Inflammatory diseases of the middle ear and mastoid are categorized according to the underlying disease process and location:

1. Acute suppurative otitis media (AOM) is characterized by obstruction of the eustachian tube, allowing the retention and suppuration of retained secretions. AOM is the medical term associated with, most commonly, the acute ear infection of childhood. Generally the course of this infection is self-limited, with or without medical treatment, and the retained infected secretions are discharged through either the eustachian tube or a ruptured tympanic membrane.

Acute coalescent mastoiditis can result from failure of these processes to evacuate the abscess. Coalescence of disease within the mastoid leads to pus under pressure and ultimately dissolution of surrounding bone. This condition may require urgent surgical evacuation because the infection is capable of spreading to local and regional structures.

3. Otitis media with effusion (OME) is an inflammatory condition of the middle ear in which serous or mucoid fluid accumulates. Both AOM and OME are precursor conditions to tympanic membrane retractions and perforations. Ongoing eustachian tube dysfunction predisposes to persistent retained secretions in the ear and recurrent acute attacks of otitis media. A small percentage of these patients develop a chronic tympanic membrane perforation which, in most cases, allows eventual aeration of the middle ear and mastoid air-cell spaces and resolution of the underlying disease process.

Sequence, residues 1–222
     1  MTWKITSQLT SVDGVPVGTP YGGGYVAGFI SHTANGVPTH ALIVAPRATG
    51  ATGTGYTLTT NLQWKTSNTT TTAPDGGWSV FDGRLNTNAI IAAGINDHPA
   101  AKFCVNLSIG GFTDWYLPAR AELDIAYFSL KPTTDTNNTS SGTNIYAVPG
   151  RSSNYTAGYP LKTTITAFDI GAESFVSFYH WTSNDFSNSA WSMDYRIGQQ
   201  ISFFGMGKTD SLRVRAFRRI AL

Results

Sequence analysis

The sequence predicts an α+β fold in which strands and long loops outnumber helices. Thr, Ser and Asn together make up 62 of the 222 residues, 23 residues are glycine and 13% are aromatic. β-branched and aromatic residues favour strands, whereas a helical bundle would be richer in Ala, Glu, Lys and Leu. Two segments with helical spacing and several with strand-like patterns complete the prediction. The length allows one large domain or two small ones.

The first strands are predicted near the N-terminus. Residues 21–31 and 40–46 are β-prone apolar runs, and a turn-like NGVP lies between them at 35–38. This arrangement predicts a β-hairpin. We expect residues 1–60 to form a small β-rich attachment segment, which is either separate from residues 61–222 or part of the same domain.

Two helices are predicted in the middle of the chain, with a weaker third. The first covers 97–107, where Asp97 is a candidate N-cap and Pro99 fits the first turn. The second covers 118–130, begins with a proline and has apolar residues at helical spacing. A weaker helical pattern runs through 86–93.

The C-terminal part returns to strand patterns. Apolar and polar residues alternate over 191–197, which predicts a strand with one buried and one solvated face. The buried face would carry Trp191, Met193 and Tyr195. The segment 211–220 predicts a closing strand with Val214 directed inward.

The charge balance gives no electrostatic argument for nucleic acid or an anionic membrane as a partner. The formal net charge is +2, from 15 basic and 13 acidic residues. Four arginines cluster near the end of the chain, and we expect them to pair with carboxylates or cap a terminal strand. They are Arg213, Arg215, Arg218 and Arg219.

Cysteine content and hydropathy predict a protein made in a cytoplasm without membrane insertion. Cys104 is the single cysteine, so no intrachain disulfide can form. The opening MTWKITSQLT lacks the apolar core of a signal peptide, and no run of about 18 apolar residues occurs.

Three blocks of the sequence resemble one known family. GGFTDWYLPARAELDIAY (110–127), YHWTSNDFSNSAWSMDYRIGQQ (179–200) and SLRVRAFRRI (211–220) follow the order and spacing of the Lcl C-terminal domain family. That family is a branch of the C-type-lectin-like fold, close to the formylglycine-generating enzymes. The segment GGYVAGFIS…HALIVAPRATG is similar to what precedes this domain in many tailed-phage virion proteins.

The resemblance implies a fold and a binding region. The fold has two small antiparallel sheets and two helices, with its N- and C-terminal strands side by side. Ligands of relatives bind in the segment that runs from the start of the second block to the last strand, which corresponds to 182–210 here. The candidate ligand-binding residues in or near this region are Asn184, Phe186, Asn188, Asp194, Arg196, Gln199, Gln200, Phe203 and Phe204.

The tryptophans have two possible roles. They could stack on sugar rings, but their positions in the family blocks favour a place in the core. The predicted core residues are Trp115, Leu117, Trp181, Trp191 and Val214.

4. Chronic suppurative otitis media (CSOM) is defined as an ear with a tympanic membrane perforation. Benign CSOM is characterized by a dry tympanic membrane perforation, unassociated with active infection. Active CSOM is the result of intermittent bacterial infection often in the presence of ingrown skin in the middle ear and mastoid cavities. This skin ingrowth is known as cholesteatoma formation. Primary acquired cholesteatoma occurs through a tympanic membrane retraction into the attic of the middle-ear space, with a subsequent potential for extension into the middle ear and mastoid air-cell systems. Secondary acquired cholesteatoma is defined as skin growth through a tympanic membrane perforation into the ear.

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